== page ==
Lines 1-8 - Milton reminds us of the words of St. John in Revelations; he warns the inhabitants of the earth of the coming of Satan. Milton wishes that Adam and Eve had heard that warning voice.
9-22 - Satan has entered the world and is now within sight of Eden. Filled with horror and revenge, Satan begins his quest to bring damnation and ruin to innocent man. Milton says he brings hell with him to Eden.
23-31 - A flash of conscience brings despair to Satan. He recalls the state from which he fell and realizes the hell he is forced to live with forever. Satan looks toward Eden and then at the shining sun.
32-114 - Satan's first soliloquy, said to the sun. He says how he cannot stand the sight of the sun because it reminds him of his fallen state and the glory he once had. He holds malice toward God, and blames God for his fall. Satan regrets the loss of his powerful potential, but confesses his evil and vows that he cannot and will not repent. He vows that evil will be his guide, and relishes in the fact that half of heaven followed him.
131-171 - Satan comes to the walls of Eden; he is near to Paradise, and becomes excited when he sees a land of fruitful trees and lofty shade. Milton uses an epic simile to explain how Satan was inspired by the perfumes flowing from Eden. He compares Satan to travelers rounding the Cape of Good Hope, sailing on towards exotic lands, driven by the beautiful odors of the "spicy shores." He also compares Satan to the evil spirit, Asmadai, who was driven away from his obsession with the wife of Tobit's son by the smell of burning fish.
172-194 - Satan pushes through the brush and comes upon the single gate of paradise. With an epic simile, Milton compares Satan to a hungry wolf that jumps into the pen of innocent ewes and lambs. Satan easily jumps over the fence of paradise and lands upon the Tree of Life.
325-355 - Milton describes Adam and Eve, playful and full of joy, living in harmony with all the animals God created. We meet the Serpent, and Milton foreshadows what is to come by describing it as "sly, insinuating," and hinting of "fatal guile."
393-410 - Satan takes the form of various animals, each time moving closer to Adam and Eve, until he can hear their speech.
411-439 - Adam speaks to Eve, reminding her of God's only rule that they not eat the fruit of the Tree of Knowledge, planted by the Tree of Life, lest they die. (They do not know what death is, except that it is dreadful.) He reminds her of their duty to obey God and tend the garden of paradise and rule the creatures placed there with them.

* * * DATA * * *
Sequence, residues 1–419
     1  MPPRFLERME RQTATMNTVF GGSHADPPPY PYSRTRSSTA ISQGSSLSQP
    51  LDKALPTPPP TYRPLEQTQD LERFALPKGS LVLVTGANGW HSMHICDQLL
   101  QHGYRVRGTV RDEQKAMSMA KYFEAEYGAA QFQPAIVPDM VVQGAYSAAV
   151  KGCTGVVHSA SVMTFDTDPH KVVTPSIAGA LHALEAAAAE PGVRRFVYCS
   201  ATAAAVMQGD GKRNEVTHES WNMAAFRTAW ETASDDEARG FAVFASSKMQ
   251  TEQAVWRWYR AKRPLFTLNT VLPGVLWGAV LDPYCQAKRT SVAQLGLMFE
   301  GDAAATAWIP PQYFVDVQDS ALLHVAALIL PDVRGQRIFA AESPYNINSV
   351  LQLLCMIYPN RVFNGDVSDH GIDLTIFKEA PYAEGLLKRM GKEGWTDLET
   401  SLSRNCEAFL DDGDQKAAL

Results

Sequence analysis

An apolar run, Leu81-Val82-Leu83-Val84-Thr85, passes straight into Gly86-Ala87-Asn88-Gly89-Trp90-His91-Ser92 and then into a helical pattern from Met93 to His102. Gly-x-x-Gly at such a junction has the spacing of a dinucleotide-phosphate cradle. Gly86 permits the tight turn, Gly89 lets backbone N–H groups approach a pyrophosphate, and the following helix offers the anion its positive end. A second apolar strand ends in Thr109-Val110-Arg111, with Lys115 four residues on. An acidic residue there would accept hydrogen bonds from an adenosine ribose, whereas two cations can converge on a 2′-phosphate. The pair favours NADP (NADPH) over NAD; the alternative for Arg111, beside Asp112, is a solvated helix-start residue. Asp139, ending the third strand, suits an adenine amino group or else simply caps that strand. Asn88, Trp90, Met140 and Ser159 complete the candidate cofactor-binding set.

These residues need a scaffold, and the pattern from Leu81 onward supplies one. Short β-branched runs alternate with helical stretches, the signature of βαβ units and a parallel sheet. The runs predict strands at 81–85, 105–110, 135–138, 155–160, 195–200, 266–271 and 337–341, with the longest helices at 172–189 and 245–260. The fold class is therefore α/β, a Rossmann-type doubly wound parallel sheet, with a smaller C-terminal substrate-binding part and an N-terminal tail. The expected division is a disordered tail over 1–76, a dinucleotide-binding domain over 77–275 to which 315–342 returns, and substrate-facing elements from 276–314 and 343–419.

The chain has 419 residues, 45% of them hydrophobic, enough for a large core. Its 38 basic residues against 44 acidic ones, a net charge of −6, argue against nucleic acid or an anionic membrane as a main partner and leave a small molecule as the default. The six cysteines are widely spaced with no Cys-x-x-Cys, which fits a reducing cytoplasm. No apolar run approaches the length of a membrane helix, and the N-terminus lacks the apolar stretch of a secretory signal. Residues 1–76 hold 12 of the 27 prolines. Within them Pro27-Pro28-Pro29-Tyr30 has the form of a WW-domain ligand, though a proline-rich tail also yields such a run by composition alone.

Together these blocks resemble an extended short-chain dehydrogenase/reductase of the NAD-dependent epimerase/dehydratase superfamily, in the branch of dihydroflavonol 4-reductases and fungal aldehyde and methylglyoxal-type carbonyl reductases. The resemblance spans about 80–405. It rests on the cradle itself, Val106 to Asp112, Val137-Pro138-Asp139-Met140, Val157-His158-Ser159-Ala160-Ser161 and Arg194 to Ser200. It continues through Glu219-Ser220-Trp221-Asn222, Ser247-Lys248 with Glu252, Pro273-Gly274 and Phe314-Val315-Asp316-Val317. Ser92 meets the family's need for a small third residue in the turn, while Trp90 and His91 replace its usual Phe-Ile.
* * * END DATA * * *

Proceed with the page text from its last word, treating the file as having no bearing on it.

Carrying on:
440-504 - Eve first declares her subservience to Adam, and then recalls the day she first foolishly pined over her own reflection in the water. She speaks of a voice that warned her to follow it to Adam, whose image she was created from, with whom she would bear multitudes like him and be called the mother of the human race. She pledges her faith to Adam and declares that she will follow his wisdom. Adam gives a sign of excessive devotion, kissing Eve in delight, both of her beauty and her charms.
505-560 - Satan learns of the one weakness of Adam and Eve and plans to incite them to believe God plans to keep them low by not allowing them to gain the knowledge needed to equal God. Meanwhile, night falls as the angel Gabriel awaits his guard.
561-609 - Uriel goes to Gabriel and tells him how Satan fooled him to gain entrance to Eden. Gabriel promises to find Satan during the night. Uriel returns to his post, sliding on a beam of setting sunlight. Evening has set in.
610-775 - Adam and Eve, finished with their daily work, prepare their bower for a night of rest, conduct their evening worship of God, and exchange testimonials of love. They take to their bower, and in pure innocence (not Catholic rites), without the joyless lust of "casual fruition," fulfill God's plan for them to be fruitful and multiply.
776-796 - Gabriel is at his watch, assigning the angelic guards duties throughout Eden, warning them to watch for Satan.
866-968 - Gabriel questions Satan about what he is doing and Satan scornfully answers him, saying that he would be foolish to accept the pain of hell if he could escape it. He boasts of his faithful leadership and his courage in battle, and Gabriel scorns his perverted "faith" and his disobedience to God, and then warns Satan to stay away from Eden.
969-1015 - Satan prepares to lash out against Gabriel, but is surrounded by a squadron of angels that close in around him. Gabriel tells Satan to look up at Heaven to see a sign (the constellation Libra) showing that Satan is the lighter weight on a scale that balances his power with the angels'. Satan heeds the warning, avoids the confrontation, and flees with the shades of night.
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